Kimani, $6.50, ISBN 978-0-373-86387-7
Contemporary Romance, 2015
All of Me, huh? It takes guts to title a book so soon after that song by John Legend, which just refuses to die even now. Fortunately, there is an element of slow burn romanticism in this story to make the story seem less like a wannabe.
Karen Morris is currently not looking for a boyfriend or even a fling after having some bad experiences with an ex who couldn’t keep it in his pants. She goes on a cruise to the Caribbean and, sure enough, meets Damian Bradshaw, who in turn is egged by his friends to find someone to have a fling with. Damian has been celibate since the death of his wife a while back, and now his friends are pestering him to sleep with anyone but Karen, who apparently wears a sign on her that only men could see, a sign that says, “Enter here and be married to me forever!” Damian, however, finds that Karen is the only woman on the cruise that intrigues him. He is thinking of wooing a girl back home, however. So what now?
All of Me is focused on the building up of the relationship, and it’s a pretty decent read. No one does anything particularly dumb here, and the romantic moments have their charms. There is nothing too memorable about them or their actions, I’m afraid, as they are pretty much standard where the romance formula is concerned: the same over-analysis, the same insecurities, the same “I just want us to be friends!” drama, et cetera. Still, everything comes together pretty okay.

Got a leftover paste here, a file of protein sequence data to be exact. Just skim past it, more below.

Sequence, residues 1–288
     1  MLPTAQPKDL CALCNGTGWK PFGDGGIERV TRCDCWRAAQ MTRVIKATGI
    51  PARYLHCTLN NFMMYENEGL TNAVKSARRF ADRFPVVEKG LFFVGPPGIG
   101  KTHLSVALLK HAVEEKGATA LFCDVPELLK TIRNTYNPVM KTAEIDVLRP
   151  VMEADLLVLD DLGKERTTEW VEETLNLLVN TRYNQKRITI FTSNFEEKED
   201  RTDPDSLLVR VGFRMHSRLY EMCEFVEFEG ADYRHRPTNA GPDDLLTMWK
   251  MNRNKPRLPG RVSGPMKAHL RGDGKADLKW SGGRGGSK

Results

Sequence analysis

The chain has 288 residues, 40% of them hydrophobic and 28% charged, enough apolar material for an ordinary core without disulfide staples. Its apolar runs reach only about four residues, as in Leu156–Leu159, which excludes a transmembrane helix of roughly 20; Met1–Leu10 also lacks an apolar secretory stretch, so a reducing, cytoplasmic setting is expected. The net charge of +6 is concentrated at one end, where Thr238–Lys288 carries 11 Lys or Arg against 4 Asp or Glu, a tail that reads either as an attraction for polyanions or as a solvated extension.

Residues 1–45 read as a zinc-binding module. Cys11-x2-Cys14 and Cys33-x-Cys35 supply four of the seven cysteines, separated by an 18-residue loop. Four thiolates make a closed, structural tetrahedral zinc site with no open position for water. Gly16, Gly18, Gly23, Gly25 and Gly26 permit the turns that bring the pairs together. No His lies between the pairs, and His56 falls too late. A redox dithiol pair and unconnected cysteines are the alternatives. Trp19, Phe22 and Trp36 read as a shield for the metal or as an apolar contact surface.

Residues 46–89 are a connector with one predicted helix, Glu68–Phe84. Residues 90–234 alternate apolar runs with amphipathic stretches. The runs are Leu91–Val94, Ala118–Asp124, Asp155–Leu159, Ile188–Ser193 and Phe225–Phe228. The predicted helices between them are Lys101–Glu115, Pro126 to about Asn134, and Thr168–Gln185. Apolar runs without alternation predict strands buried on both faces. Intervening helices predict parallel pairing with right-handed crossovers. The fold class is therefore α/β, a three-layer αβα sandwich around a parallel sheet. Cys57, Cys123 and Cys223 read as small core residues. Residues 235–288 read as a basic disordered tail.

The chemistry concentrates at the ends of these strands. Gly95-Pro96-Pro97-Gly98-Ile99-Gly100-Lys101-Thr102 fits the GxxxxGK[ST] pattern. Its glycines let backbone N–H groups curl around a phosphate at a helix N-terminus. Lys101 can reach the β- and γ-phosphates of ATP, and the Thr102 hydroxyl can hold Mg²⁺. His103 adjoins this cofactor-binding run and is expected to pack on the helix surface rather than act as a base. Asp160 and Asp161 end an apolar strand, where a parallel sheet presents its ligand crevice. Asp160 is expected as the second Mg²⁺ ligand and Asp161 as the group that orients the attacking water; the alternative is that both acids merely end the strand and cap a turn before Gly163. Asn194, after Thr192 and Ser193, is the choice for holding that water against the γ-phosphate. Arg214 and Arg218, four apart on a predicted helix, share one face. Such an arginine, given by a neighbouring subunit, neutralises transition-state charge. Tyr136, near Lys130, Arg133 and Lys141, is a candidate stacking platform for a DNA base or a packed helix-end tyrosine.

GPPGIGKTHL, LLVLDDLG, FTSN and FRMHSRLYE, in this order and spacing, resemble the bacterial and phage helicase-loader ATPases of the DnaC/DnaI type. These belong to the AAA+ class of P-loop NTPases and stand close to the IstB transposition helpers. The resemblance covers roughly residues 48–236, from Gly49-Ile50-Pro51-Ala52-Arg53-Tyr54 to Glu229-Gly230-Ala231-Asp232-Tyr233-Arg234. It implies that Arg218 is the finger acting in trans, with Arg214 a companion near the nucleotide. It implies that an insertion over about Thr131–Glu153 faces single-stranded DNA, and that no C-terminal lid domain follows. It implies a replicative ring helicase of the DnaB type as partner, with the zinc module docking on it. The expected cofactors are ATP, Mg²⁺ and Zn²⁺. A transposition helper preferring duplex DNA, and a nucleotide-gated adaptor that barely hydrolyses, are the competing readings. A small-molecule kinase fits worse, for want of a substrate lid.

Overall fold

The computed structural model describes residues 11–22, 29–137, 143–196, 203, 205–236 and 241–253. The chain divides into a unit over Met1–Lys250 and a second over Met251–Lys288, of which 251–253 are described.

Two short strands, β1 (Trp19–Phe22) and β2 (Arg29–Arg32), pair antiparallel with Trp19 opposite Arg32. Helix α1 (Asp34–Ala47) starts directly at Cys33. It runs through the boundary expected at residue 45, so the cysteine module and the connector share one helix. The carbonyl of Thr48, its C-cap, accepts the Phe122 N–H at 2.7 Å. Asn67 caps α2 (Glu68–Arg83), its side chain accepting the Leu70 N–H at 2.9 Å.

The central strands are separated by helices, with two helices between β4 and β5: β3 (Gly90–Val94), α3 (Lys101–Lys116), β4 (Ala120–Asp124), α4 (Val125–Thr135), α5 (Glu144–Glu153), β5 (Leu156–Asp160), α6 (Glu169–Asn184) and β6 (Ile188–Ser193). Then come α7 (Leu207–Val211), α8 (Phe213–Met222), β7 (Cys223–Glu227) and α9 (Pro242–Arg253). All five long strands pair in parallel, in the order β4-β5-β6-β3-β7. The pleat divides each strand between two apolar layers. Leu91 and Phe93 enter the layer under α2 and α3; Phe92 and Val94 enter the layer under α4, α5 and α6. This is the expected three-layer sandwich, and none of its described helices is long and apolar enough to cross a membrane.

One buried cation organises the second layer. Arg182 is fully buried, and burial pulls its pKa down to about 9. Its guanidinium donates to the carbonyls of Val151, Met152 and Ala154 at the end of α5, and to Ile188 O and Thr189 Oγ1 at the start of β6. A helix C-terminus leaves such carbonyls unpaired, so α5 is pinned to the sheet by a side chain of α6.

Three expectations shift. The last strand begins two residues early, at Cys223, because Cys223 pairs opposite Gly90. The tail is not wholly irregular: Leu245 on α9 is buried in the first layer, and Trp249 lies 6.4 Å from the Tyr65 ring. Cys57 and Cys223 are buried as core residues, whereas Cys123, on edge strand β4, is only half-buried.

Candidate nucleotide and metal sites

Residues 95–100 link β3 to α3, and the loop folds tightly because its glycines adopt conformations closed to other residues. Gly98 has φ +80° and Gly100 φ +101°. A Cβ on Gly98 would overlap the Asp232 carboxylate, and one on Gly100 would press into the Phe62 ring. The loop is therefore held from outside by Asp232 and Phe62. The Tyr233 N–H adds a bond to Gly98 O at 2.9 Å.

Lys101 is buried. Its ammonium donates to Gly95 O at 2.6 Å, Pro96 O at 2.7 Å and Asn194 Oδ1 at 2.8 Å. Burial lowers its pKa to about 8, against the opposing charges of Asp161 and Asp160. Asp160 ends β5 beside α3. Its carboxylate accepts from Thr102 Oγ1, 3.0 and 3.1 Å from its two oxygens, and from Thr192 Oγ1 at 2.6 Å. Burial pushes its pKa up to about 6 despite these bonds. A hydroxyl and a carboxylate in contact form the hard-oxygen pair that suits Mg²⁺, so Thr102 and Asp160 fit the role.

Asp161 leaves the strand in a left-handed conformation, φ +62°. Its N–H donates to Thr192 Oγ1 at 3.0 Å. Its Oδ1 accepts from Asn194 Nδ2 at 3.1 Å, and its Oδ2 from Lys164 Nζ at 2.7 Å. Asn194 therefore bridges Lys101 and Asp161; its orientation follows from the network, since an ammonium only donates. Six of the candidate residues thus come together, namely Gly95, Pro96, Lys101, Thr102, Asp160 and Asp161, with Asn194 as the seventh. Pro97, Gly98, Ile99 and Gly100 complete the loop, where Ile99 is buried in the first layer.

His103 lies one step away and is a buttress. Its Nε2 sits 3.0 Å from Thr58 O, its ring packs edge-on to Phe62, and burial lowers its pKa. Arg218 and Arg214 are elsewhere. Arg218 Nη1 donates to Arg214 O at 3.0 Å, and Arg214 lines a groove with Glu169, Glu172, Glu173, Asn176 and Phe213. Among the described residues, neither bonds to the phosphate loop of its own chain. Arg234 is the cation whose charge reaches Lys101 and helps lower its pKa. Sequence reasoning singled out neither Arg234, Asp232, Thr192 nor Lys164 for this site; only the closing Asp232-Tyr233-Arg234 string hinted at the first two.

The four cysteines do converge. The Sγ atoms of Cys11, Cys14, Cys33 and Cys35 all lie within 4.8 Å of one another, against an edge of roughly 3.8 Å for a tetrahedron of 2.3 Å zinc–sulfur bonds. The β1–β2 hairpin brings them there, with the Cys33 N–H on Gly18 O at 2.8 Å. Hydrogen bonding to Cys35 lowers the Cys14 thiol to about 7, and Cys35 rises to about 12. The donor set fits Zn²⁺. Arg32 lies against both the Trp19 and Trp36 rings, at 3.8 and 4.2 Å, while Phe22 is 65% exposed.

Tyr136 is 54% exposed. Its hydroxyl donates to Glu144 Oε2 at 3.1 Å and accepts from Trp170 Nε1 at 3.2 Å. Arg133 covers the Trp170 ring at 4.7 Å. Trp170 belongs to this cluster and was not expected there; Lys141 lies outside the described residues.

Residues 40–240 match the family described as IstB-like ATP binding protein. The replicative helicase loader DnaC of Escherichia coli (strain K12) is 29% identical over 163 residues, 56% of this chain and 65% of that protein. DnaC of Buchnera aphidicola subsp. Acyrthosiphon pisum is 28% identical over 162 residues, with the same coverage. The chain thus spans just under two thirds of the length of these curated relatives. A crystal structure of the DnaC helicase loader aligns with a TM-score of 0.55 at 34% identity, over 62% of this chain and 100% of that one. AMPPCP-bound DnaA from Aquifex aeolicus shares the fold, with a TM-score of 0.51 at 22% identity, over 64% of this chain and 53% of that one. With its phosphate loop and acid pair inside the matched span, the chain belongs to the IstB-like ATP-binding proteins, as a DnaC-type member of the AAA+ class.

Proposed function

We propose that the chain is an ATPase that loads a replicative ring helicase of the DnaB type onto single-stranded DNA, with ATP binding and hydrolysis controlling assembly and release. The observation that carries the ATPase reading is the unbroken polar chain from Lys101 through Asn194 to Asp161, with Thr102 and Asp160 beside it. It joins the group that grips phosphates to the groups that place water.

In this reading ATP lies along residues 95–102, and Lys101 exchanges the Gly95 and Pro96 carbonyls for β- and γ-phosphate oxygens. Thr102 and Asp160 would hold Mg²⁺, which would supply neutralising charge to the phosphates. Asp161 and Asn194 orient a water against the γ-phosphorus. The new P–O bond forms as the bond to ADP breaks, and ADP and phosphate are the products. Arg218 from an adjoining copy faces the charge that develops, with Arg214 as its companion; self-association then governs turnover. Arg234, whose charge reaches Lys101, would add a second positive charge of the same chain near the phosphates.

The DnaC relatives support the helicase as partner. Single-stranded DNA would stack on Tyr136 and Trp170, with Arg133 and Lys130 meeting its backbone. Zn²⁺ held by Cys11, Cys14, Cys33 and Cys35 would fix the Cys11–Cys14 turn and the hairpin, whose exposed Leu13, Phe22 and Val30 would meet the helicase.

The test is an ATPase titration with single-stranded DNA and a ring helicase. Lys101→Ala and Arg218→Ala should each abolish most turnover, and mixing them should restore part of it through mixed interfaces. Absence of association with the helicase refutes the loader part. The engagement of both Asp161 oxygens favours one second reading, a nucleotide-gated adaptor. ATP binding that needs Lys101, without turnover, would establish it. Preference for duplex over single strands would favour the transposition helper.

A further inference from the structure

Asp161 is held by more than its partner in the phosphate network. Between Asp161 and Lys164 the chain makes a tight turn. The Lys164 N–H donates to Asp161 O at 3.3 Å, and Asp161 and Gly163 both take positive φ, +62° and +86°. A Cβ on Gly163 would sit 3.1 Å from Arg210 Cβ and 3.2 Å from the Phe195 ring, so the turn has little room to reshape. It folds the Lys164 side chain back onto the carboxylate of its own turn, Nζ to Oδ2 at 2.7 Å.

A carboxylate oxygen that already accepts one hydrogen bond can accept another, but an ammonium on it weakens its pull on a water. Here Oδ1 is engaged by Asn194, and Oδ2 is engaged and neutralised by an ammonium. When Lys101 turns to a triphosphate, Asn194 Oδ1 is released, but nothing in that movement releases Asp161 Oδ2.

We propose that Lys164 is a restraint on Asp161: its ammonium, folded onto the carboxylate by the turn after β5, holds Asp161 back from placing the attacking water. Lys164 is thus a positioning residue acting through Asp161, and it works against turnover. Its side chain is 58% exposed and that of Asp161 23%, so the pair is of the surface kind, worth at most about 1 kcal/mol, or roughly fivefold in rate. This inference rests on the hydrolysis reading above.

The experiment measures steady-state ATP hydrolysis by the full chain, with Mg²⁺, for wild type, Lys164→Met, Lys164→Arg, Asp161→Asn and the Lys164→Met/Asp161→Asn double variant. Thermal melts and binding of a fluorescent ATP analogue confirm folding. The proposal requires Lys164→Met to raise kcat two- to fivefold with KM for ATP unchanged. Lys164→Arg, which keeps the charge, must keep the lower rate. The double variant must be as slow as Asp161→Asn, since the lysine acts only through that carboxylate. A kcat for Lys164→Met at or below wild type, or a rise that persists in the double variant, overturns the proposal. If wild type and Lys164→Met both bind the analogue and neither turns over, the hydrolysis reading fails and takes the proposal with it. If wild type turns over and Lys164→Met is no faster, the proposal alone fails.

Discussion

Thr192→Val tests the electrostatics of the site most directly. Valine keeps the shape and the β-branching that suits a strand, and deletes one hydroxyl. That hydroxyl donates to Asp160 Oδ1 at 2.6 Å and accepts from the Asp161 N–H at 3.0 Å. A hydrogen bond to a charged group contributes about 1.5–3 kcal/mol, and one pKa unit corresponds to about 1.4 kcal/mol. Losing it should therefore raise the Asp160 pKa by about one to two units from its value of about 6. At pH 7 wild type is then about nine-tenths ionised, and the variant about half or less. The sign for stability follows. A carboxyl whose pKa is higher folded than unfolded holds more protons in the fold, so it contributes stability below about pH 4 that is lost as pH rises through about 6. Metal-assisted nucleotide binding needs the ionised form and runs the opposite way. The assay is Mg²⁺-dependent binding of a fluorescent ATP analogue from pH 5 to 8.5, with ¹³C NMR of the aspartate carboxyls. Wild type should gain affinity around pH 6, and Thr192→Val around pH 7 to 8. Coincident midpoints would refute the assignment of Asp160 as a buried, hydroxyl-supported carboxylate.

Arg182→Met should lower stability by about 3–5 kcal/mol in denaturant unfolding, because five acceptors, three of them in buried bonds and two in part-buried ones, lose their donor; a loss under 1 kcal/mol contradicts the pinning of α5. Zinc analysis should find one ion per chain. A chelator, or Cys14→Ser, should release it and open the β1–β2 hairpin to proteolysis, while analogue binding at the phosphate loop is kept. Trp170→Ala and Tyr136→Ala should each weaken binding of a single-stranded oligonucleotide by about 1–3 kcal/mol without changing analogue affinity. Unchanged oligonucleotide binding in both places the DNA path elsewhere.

The author doesn’t seem to trust her romance being able to convince anyone by itself, however, as she also introduces so many people insisting that Karen and Damian are meant to be. Given how little they know about Damian or Karen, they come off more like the author’s mouthpieces blasting into my ears about her characters’ true love rather than believable secondary characters in their own right. Also, Damian’s friends can be quite juvenile in their talk about hooking up. Yes, guys may trash talk about women and sex all the time, but there is something about these guys’ conversations that feel artificial and forced.
At any rate, All of Me, is a decent read that has its moments, but at the same time, it doesn’t rock the boat or shake things up much. It’s not telling any story that hasn’t been told by many other books in this line in the past.
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